• Moral hazard occurs when the policy holder changes their behaviour and increases their exposure to risk when insured. In agriculture, this can include farmers changing their production practices to something more risky as a result of being insured. Difficulties in distinguishing losses caused by adverse events or poor farming practices can lead to additional costs for the insurer.
  • Lack of data and underwriting skills: the insurance industry lacks detailed climatic information to accurately assess the exposure of an occurrence and estimated duration for an insured event. At the same time, there are very few specialist underwriters in Australia.
  • Lack of awareness: given that the product is relatively new in Australia, farmers may not have sufficient information about MPCI and how it can fit within their broader risk management strategy.
  • High upfront costs include financial costs (e.g. upfront fee for policy assessments) and non-financial costs (e.g. detailed farm records required). This may act as a barrier to finding out more about MPCI products for cash constrained or time poor farmers.
  • Government policies in the form of concessional loans or grants for farmers following natural disasters may provide a disincentive to take up insurance.


Despite the long list of barriers, there are examples of disruption that bring optimism for further MPI market development.

  • Risk diversification: given the success of MPI in Europe and elsewhere, insurers might be able to diversify risks by pooling Australian exposure with European exposure. The geographical as well as seasonable differences will help alleviate the systematic risk barrier.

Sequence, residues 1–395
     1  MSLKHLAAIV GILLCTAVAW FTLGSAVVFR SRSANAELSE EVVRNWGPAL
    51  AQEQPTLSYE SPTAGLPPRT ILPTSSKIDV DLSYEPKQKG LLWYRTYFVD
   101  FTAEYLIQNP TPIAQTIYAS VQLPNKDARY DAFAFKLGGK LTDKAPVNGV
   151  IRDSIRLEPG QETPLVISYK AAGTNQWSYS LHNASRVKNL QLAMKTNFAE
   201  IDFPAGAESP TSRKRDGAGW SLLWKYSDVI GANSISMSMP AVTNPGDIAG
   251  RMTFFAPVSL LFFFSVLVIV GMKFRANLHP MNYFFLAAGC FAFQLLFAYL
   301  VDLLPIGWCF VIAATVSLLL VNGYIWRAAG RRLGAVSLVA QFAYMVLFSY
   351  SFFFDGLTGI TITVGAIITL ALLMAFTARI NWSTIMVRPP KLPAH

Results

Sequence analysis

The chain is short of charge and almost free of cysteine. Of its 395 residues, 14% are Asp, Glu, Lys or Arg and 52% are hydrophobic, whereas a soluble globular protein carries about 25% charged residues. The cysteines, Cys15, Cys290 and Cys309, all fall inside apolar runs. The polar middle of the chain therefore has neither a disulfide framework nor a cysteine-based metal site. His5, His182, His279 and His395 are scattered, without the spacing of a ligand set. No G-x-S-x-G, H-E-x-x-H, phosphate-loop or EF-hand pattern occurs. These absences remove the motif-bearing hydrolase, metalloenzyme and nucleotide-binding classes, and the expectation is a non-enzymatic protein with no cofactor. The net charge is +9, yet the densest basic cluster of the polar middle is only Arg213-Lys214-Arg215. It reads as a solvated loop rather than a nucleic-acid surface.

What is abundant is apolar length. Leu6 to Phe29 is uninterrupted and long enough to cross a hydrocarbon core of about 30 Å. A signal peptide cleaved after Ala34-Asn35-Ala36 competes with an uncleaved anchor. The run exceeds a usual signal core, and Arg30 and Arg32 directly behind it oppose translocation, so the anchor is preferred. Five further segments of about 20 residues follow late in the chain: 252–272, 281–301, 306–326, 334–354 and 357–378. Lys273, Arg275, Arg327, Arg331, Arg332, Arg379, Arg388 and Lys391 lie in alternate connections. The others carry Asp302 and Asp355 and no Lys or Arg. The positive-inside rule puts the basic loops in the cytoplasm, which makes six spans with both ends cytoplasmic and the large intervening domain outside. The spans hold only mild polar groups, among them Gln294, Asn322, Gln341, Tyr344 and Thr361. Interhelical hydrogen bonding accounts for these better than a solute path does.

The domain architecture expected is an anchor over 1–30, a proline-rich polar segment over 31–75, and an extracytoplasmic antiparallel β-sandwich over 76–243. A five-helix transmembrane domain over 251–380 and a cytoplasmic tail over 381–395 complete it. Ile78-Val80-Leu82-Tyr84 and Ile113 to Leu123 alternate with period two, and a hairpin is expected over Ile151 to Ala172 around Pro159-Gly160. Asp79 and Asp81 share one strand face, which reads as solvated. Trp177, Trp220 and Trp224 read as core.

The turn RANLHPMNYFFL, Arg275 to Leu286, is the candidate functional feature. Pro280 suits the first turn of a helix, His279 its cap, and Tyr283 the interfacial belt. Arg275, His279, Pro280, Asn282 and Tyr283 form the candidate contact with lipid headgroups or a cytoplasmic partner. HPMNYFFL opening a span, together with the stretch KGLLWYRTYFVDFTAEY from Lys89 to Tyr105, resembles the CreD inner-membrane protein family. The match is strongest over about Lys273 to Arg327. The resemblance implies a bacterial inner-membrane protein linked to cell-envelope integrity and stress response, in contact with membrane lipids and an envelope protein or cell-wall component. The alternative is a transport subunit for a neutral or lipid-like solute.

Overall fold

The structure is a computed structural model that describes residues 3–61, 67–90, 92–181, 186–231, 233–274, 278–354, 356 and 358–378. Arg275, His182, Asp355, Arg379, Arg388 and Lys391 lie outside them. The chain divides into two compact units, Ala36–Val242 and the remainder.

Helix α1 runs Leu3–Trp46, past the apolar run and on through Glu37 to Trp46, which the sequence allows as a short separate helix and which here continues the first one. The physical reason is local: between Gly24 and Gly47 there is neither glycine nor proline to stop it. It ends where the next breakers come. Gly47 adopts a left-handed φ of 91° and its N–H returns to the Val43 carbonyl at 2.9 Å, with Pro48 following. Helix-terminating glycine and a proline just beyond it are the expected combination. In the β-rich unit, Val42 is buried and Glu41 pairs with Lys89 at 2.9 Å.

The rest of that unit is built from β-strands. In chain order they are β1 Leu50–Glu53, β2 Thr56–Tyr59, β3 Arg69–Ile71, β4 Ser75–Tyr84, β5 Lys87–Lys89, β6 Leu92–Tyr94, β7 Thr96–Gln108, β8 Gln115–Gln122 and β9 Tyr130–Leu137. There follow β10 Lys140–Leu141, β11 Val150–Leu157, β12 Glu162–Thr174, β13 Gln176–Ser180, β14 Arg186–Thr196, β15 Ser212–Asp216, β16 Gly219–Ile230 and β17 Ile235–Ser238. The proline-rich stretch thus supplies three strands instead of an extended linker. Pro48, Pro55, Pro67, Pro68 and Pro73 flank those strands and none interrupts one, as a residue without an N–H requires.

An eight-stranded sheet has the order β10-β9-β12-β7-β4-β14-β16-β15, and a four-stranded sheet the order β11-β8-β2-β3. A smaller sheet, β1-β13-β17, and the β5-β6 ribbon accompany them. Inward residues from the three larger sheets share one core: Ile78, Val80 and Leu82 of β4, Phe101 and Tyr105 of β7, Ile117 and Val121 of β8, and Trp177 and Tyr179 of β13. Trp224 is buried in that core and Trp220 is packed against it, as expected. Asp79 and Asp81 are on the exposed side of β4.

• Better access to data: the internet of things, drones, satellite and technology will increase farm level data and help reduce information asymmetry, hence the adverse selection and moral hazard issues.
  • Changing farm business model: if widespread merger and acquisition activity occurs, Australia could go from a predominantly ‘owner-operator’ model to a ‘corporate-tenant’ model. Bigger farming corporations with a diversified portfolio of properties and enterprises would have deeper pockets to take out MPCI.
  • Product innovations to meet requirements of Australian farmers will also ensure greater adoption, and a more sustainable MCPI product. For instance, this could include requiring policies to be taken out across multiple seasons to ensure that the risk is manageable for insurers.
  • Right government incentives such as tax incentives or incentives for financial institutions that lend to farmers who take out MPCI.

“Where to go from here?”

The allocation of risks among farmers (self-insure or mitigate risk through adopting preventative measures), insurers (third party risk transfer) and the Government (risk bearers to meet social goals) would determine whether the MPI market will further develop or not. Disruption within agriculture and elsewhere in the economy will cause a realignment of the balance between self-insurance, risk mitigation and risk transfer and, hence, changes to who bears the risk. A market subsequently will develop to provide price signals to encourage an efficient allocation of risk.


Nga Nguyen and Christine Ma



1. Includes Latevo underwritten by Assetinsure (2014-16), CropSure underwritten by Lloyds, PrimeGuard underwritten by Allianz Australia (2015- ), ProCrop underwritten by CGU (2015-), and SureSeason (2016-) underwritten by Lloyds.

2. Deloitte Access Economics (2015), Scoping Study on Multi-Peril Insurance and its application to Agricultural Industries in NSW.

3. National Rural Advisory Council (NRAC) (2012), Feasibility of agricultural insurance products in Australia for weather-related production risks.